“Under the Labour Relations Act (LRA) of 1995, the majority union on any given mine has sole organising rights and it is in effect then the only party that enters into bargaining with the firm.  Representation thresholds are too high for rival unions to attain.  To be the majority union is a big prize to fight for.  Neither NUM nor Amcu now have any incentive to change the status quo, and it suits them that the LRA (even in its 2013 amended form) does not require a secret ballot.

Under these conditions, however, it is rational for union bosses to encourage their members to go on strike (and allow intimidation of those who would have preferred not to).  Each set of union elites must appear more militant and credible to its members than their rivals.  This means each union has to make incredible wage demands to avoid being seen to be weak, and risk losing valuable (scarce) members.  Being reasonable in these conditions does not pay, even though perpetual strikes may precipitate industry decline and consequent job losses”.

Labour law fuels strife on mines: written and published yesterday by Ross Harvey, a senior researcher at the South African Institute of International Affairs, in BDlive and Business Day [subscription required].

Further excerpts

A new paper in The Extractive Industries and Society argues that labour relations in SA’s mining sector are best characterised as a prisoner’s dilemma.  Each player’s dominant strategy lands them in a mutually destructive outcome.

In other words, labour unions have a strong incentive to fight for unworkable wage increases for their shaft-level workers, and companies have as strong an incentive to resist those demands.  Even though greater degrees of co-operation would yield mutually beneficial outcomes, neither player is sufficiently incentivised under current conditions to change strategies.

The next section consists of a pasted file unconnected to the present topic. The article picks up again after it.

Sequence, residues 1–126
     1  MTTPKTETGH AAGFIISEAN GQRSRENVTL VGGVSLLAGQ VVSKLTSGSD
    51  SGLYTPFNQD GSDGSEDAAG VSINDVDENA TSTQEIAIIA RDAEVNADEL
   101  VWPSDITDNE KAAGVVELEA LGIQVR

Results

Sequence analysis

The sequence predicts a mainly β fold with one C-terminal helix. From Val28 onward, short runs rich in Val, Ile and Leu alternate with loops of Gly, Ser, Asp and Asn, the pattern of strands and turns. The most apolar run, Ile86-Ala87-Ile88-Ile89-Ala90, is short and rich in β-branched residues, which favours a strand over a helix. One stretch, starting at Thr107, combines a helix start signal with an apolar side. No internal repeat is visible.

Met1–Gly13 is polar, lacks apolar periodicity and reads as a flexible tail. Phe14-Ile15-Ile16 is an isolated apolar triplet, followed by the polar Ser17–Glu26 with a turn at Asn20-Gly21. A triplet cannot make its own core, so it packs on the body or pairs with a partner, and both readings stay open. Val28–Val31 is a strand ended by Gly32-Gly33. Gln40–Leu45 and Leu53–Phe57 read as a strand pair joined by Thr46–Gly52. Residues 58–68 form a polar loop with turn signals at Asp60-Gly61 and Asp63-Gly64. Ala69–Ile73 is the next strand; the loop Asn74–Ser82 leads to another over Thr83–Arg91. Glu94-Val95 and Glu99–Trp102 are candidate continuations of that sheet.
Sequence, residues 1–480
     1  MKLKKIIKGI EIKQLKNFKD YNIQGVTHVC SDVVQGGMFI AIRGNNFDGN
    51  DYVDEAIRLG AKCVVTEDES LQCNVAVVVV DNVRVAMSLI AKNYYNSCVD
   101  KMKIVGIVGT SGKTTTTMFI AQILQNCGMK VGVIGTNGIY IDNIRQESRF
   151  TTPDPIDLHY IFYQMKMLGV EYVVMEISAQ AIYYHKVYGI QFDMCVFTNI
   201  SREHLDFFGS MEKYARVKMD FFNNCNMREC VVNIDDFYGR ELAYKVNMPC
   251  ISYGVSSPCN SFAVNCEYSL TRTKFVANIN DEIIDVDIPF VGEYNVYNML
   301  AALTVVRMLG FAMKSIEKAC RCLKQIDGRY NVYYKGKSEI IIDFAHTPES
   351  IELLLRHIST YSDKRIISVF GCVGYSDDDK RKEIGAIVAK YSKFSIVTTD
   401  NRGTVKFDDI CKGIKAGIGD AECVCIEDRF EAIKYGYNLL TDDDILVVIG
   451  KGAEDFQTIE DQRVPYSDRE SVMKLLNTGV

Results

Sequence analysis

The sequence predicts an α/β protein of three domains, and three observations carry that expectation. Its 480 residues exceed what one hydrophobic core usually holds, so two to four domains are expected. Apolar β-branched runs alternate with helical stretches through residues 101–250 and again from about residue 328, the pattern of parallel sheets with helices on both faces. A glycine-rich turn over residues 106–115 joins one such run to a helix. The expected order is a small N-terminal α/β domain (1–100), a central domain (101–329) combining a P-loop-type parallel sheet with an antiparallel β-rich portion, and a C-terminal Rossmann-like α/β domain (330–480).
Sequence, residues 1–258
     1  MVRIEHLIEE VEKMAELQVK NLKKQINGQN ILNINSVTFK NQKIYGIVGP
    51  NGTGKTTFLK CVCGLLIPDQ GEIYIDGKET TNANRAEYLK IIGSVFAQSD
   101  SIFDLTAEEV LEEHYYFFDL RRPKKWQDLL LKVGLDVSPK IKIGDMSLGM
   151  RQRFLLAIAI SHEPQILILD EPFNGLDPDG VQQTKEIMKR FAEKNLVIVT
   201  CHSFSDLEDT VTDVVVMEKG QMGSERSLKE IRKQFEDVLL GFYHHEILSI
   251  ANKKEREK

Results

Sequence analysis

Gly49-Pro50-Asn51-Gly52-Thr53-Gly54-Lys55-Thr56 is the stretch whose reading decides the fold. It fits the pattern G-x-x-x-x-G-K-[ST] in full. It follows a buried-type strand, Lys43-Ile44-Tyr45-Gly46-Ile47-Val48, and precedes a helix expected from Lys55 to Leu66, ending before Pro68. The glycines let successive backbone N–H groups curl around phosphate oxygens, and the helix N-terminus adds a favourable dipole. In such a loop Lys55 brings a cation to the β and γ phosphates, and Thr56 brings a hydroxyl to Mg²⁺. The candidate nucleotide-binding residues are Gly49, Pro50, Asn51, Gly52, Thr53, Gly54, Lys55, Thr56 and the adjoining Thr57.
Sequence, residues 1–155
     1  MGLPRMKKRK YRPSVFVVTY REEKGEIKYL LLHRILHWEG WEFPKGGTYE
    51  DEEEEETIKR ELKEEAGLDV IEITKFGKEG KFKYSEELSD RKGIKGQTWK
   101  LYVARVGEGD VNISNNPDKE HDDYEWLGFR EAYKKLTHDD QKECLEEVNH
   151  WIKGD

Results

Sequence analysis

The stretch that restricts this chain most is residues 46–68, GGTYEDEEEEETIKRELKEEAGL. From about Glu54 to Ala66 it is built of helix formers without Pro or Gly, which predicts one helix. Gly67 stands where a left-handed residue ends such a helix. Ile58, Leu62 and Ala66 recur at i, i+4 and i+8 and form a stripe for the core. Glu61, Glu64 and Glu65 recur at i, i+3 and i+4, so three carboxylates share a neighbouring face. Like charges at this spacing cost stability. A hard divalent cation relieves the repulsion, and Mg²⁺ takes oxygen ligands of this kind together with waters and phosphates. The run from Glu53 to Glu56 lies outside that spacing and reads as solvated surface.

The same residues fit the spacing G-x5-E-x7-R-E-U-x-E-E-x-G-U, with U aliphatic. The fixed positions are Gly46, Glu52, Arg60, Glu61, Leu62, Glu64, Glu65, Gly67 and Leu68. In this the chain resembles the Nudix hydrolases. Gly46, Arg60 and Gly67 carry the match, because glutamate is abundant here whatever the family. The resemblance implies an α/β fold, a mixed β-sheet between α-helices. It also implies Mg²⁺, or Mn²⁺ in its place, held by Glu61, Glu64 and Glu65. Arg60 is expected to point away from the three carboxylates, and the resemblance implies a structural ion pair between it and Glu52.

. . . . .

The paper argues that “the game-theoretic framework helps to make sense of the empirical reality that the institutions governing labour relations in SA are producing some of the very dynamics they had sought to avoid when initially formulated….  For as long as the LRA in its current (badly amended) form governs the labour landscape, game theory predicts continued destructive strike action.  The significant welfare cost to the country is already being borne out….”

Mining industry contraction in SA is especially painful because of the extent to which almost every other sector is beholden to it, and because mineral exports earn the majority of foreign revenue.

Unless policy makers are willing to change labour legislation to allow for greater degrees of inclusion at the bargaining table and to introduce secret balloting, firms and unions will continue to play aggressive strategies that result in mutually destructive outcomes.

Unfortunately, this antagonism “always comes at greatest cost to the poor….” Those who can afford it least will suffer most.